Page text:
Today’s fast-paced lifestyle requires headphones that can keep up with the busy man and woman of the world; headphones that work as hard as they play.
Wow, that sounded so dumb. Let’s try again.
A conscientious music lover would be wise to take note of the different factors unique to the application of their headphones. Arguably, one of the toughest markets to satisfy is what we headphone enthusiasts call the “portable rig,” or “portable rig” for short. It’s where headphones see the most abuse and the most use. You’re on the bus, you’re at work, you’re in the library redditing, watching awesome YouTube cat videos, and smugly judging people who still haven’t seen McBain: The Movie. You quickly change venues and stuff your earphones in your pocket. You rip them out while you’re on the move, and you wrap them around your audio player when you pack up again. You’re a regular Freddie Wilson, you are.
I don’t get that reference
Let me break down the three areas of weakness your headphones are going to see. Once you learn what they are, you’ll realize you already knew this and that you’ve been doing this all along. Then you’ll argue whether you did or not. Then you’ll shrug it off and continue off in your merry little way, cursing my blog for being so meta.
The principle of portable rig care is twofold: investing in quality headphones with quality materials, and ensuring an acceptable bending radius on your wires.
1) The Plug
If you’re a former iPod user, you’ll remember how annoying it was to slip your iPod into your pocket with the headphone plug facing out of your pocket. You did it to protect the cable, but sometimes you just said “Eff it” and slid it down headphone plug first. *gasp* iPod touch users don’t face this problem because the headphone cable enters from the south more gracefully than an American blockbuster movie maker to an oilsands production site.
“My wind-powered helicopter tour didn’t cost blue people their entire planet.”
When you put your pocket player in your pocket, ensure the cable is facing out of your pocket. If it isn’t, make sure you dont kink it 180 degrees facing into your pocket and then directly out. U-turns are illegal in Alberta, so just don’t do it, yo.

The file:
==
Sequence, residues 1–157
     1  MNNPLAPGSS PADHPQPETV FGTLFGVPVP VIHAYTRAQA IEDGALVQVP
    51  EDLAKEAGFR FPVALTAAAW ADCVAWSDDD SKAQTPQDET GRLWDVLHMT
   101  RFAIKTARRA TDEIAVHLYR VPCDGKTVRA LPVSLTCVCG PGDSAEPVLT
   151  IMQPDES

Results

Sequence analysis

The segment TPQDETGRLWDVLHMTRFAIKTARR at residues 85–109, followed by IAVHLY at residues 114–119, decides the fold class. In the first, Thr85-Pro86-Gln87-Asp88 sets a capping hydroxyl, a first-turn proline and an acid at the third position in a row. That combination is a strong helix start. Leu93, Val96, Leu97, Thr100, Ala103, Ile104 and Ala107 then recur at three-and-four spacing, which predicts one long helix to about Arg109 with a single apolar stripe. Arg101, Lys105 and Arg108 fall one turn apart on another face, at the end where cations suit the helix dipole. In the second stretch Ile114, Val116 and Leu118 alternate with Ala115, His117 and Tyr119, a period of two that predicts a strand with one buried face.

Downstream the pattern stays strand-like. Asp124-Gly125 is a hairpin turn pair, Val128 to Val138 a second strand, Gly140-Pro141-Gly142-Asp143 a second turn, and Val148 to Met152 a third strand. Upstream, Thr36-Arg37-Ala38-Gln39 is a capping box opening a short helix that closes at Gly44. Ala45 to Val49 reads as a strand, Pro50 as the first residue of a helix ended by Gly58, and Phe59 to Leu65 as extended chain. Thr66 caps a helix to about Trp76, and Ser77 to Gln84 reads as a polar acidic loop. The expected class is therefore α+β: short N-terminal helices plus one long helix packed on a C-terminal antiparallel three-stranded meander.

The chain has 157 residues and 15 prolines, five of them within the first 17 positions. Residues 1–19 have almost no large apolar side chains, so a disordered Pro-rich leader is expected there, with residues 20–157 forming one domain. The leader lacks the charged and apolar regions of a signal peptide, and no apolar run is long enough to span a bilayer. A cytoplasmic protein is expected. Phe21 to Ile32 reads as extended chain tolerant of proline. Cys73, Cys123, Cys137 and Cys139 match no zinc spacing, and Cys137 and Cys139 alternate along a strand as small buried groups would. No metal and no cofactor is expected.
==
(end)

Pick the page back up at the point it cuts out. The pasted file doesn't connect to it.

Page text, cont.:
2) The Y-splitter
Some headphone cables go directly into one ear, but the 99% have the dreaded Y-splitters.
For some, this is an aesthetic and practical issue, but for others, it’s maintenance. Lots of headphones break around this area because, well, it’s weak or something. Usually when earphones are stuffed into pockets, they get tangled, confusing the orientation of which ear goes to which piece. Be a pro and totally wrap your headphones gently around something with a good bending radius.
Exhibit A – Sumajin Smartwrap (unpaid advertisement)
3) The Ear Area
This weakness applies to both headphones and earphones. With headphones, the cables generally have more strain relief, but since they’re more stationary, little quick pulls and tugs could do them in. The strain relief inside the earpiece of earphones is typically accomplished by tying the cable in a knot and shoving it inside the plastic housing. You aren’t going to have a big problem with surprise snags with earphones because they’ll just fall out of your ear. Pulling them out of your pocket and untangling them is where you’ll find the most danger, so again, just be careful.
The average audiophile owns a portable amp and/or DAC, but I’m here to proclaim that it was all too inconvenient for me. I used to carry a pouch around with my Electric Avenues PA2V2, ALO Audio silver-plated copper braided interconnect, and Creative Zen Vision:M, but it was just too much. Batteries, charging, lugging. Admittedly, most headphone audiophiles just carry that stuff in a messenger bag, but I didn’t have room in mine. Plus I was trying to make a fashion statement with the pouch. It was me against the world, and I lost. Hard.
Since then, I’ve switched to just carrying my iBuds with my aforelinked Sumajin SmartWrap. You could get away with a BIC lighter, a piece of cardboard, or even your music player if you keep a good bending radius. I have little fuzzies on my earpieces just so I can tell which is left and right. This reduces the trouble I was constantly having with my portable rig.
Here’s an easy rule to remember: red is right (except for communism)
I hope that helps someone out there. One of the reasons I started in audio was because I wanted a good quality headphone that wouldn’t break down on me when I was listening to it on the way to school to study. My iBuds came from my iPhone a year and a half ago, and they’re still going strong. They do have a significant coiling effect from wrapping them around the SmartWrap, but I don’t actually mind because the listening experience is so much smoother when I don’t have to untangle anything.
The other lesson is to get a solid pair of headphones.
tl;dr – Keep the bending radius large, and get a solid pair of headphones.